Camín, Joaquín Rubio
The Gijón native Joaquín Rubio Camín was a self-taught artist working primarily in sculpture, but also in painting, photography, design and illustration. He began to paint in 1944, the date of his first known works. He initially combined painting with his job as a draughtsman in the Gijón studio of architect Álvarez Hevia, although shortly thereafter he left this job. In 1951, he moved to Madrid, and he made several journeys to Paris (1956 and 1974) and London (1960 and 1961). In the latter, he definitively discovered sculpture, which would be his medium from then on and for which he would receive accolades such as the Grand Prize of Sculpture in 1962. In 1975, he moved to Valdediós (Villaviciosa, Asturias), where he worked until his death in 2007.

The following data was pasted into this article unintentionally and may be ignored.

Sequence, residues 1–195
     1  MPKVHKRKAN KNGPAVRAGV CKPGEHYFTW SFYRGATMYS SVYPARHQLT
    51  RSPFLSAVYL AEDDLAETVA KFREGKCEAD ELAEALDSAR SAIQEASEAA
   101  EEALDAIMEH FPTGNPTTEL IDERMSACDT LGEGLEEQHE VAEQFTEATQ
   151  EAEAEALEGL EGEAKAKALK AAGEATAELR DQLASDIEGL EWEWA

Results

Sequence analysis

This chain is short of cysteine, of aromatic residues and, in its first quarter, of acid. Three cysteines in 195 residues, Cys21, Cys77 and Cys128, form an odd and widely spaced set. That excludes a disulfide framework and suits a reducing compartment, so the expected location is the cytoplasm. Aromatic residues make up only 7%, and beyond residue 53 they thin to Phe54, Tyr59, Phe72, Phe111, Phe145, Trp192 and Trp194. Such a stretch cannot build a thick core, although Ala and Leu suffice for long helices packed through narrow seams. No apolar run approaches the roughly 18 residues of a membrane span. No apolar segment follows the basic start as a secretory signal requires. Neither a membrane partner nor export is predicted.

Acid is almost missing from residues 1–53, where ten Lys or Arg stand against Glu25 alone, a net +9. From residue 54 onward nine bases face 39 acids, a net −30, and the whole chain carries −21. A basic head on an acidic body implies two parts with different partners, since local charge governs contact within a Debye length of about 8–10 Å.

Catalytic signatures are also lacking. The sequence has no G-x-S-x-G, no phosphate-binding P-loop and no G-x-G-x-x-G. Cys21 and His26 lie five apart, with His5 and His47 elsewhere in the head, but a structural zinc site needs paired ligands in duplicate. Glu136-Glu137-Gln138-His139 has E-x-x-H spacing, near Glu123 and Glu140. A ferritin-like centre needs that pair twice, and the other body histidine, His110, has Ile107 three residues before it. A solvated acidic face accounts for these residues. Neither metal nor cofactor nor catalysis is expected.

His sculptural output, associated with the spatial quest of spatialist abstraction, primarily used iron, steel, bronze and wood. In 1963–1964, his output came to be dominated by the corner-piece, an element that was mass-produced and used in industry; it served as a model for his compositions and paved the way for new morphospatial inquiries with other steel shapes after the mid-1980s.